Working on organizational aspects to make InvenioRDM productive

In the early stages of the SDC BioDATEN, various software frameworks for data publication has been reviewed and a list of selection criteria has been developed with the other three SDCs in Baden-Württemberg. The review process resulted in selecting InvenioRDM as the framework to be used for BioDATEN as well as for the NFDI DataPLANT.

InvenioRDM is still evolving and progressed quite nicely over the last couple of months. There has been further development in the framework and the University of Freiburg is now an official partner in the InvenioRDM community like the University of Tübingen.

To make data citeable, persistent identifiers, such as DOIs, are necessary to provide long-term access to research data. To push and facilitate the DOI allocation for the BioDATEN community, a good and fruitful exchange with the University Library Freiburg has been started to benefit their experience in handling DOIs via DataCite (TIB/Hanover).

DOIs allow for prefixes that, instead of being just a numerical ID, deliver semantic content such as the issuing institution. To facilitate DOI transfer from one institition or publication systems to another institution or system, e.g. to ensure long-term access, we opted for bare numerical IDs. This approach prevents possible irritations potentially caused by a DOI prefix issued at Tübingen but now resolving to Freiburg.

At the moment, formal agreements are being prepared, based on the Freiburg University's new research data policy, which also promises long-term availability of the assigned DOIs. The eScience team in Tübingen, for example, has already started thinking about this. One option, for example, would be a statically generated HTML page with the basic requirements of DataCite if the original service can no longer be continued. The sustainability has to be agreed between the involved institutions like computer center, university library etc.. This is happening at the moment in Freiburg through various discussions involving the relevant stakeholders.

Additionally, we are collecting various action items to increase the usability for users such as:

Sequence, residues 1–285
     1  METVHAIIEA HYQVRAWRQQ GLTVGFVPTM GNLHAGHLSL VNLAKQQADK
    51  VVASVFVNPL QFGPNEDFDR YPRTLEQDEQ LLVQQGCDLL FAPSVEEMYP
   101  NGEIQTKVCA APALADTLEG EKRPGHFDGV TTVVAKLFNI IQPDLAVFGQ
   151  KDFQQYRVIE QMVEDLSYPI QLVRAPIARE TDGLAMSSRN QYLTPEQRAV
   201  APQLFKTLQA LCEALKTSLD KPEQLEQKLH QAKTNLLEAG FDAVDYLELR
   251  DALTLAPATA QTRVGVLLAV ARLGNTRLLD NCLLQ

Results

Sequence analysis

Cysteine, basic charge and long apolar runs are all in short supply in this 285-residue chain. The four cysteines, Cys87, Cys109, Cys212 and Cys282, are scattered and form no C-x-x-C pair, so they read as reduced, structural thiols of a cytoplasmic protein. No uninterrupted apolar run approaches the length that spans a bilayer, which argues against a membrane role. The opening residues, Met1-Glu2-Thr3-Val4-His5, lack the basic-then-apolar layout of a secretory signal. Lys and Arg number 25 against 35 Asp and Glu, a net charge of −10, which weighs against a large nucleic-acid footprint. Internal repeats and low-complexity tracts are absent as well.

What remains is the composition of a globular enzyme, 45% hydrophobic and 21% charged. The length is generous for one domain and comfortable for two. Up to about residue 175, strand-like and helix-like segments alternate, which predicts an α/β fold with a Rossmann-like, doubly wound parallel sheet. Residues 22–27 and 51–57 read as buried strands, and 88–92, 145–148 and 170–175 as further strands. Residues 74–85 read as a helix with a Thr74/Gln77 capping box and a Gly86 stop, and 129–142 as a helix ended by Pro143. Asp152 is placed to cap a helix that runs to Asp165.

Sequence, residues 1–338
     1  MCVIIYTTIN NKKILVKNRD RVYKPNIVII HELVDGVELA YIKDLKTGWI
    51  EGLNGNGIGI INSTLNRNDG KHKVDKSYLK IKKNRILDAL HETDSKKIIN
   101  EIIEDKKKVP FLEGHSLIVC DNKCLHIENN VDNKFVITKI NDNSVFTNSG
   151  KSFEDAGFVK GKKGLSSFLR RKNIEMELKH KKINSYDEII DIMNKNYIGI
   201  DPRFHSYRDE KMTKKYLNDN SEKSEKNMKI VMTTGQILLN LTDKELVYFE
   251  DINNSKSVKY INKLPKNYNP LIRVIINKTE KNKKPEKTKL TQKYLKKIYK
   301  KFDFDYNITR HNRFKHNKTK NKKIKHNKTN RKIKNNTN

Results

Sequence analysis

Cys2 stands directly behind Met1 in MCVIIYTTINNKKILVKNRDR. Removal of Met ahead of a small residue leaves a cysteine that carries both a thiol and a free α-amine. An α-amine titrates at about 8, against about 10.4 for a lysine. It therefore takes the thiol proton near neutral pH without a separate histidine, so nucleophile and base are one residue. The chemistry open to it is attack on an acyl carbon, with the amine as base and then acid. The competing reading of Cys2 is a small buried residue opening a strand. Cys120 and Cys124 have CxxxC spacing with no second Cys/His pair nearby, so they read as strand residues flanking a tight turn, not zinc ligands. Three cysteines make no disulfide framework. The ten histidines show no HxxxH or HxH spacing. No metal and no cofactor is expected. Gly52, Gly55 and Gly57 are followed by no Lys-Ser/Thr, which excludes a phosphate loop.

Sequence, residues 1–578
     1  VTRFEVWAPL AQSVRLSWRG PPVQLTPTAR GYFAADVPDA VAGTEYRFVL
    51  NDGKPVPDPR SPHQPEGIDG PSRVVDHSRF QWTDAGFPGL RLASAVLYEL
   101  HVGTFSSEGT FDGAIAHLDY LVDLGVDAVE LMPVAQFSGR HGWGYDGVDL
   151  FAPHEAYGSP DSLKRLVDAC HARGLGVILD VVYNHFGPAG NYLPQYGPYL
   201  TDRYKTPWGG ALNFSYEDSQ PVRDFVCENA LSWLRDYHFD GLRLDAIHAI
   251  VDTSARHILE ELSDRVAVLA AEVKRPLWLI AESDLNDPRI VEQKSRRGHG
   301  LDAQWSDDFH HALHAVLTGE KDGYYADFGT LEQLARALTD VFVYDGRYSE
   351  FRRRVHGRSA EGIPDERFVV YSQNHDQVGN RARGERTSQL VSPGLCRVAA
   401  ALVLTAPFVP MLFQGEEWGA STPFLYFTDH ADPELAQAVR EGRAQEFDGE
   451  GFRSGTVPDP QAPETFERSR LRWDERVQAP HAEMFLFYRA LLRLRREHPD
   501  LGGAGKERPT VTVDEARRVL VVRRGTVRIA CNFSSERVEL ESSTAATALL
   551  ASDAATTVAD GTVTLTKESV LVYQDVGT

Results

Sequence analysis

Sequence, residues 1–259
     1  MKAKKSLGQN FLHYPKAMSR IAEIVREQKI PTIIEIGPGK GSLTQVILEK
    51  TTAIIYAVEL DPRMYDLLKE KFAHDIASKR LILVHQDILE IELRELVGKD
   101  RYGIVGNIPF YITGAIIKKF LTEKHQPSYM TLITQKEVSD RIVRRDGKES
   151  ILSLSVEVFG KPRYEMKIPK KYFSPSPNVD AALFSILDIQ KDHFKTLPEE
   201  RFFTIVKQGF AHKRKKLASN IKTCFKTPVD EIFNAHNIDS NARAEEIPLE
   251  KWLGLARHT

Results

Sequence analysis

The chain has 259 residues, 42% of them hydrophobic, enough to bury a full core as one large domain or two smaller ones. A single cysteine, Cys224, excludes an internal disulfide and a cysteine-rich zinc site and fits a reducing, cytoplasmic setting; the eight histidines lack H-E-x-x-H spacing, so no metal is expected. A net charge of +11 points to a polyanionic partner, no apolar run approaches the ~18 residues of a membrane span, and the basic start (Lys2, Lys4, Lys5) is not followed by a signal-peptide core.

• Communities for data publication and classification
  • Workflows for quality assurance and final approval 
  • Formal agreement for data publication

The end-user agreement has to be be setup with the community to reflect their needs. The bare minimum requirement for DOI assignments are descriptive metadata according to the DataCite specifications. In this context, using ORCIDs as persistent identifier for individuals is seen a fundamental concept. 

Descriptive metadata mainly focus on the "Who" of research data, while scientific metadata focus on the "What and How" of research data. How these scientific metadata will be stored and how research data will be packaged, e.g. by containers such as ZIP, BagIT or OCFL, needs to be clarified in further discussions.  

(DvS, HG)

DFG sharpens the requirements for handling research data and makes statements about it mandatory

The DFG sharpens and refines the requirements for handling research data and makes statements about it mandatory for project proposals.

The DFG states in it's latest announcement that statements about the handling of research data are mandatory in project proposals and highlights the relevance of of good project planning and the inclusion of specialised skills and structures. The DFG worked together with the scientific communities on requirements that have been sharpened,  refined and are now part of project proposals. Statements should be guided by a collections of questions. Further, statements about research data management will get more attention in the review process. 

The DFG supports the proposal writing process by offering support and is in contact with supporting structures in research organisations. The DFG also provides special funding opportunities for building and expanding research data infrastructures and methodologies. Also, costs for data processing with the aim of re-usability can be included in project proposals. 

The DFG also encourages applicants to include research output regarding re-use of research data or research data handling in their CVs. 

For further information see 


de.NBI certification successful

Some research areas in the scope of the BioDATEN Science Data Center might require the handling of sensitive data, such as data with human origin. Thus, "management systems for technical data security" became necessary for the infrastructure providers of computational and storage resources. Due to the developments in the project "de.NBI Cloud" and in collaboration with bioinformaticians, the computing centers of the Universities Freiburg and Tübingen strived for the certification of the compute/storage infrastructures and the corresponding basic IT infrastructures. The complex and tedious certification process requires the commitment of various stakeholders. Fortunately, the de.NBI project allowed for a two-year grant to pursue an ISO 27001 certification. An ISO certificate gives further weight by the advocacy of various stakeholders in the university.

 The process itself consisted of various steps of preparational activities, the creation of policy documents, the documentation of the infrastructure and a two staged certification session involving all relevant departments of the computer centers. The final certificate will be awarded in January 2022. The certification process is a long-term process which has to be repeated in regular intervals. A certified infrastructure will help researchers in further domains beside BioDATEN to obtain funding which increasingly require such certifications especially in areas where sensitive data - patents, patient data, data with personal reference are dealt with.

(DvS, HG)

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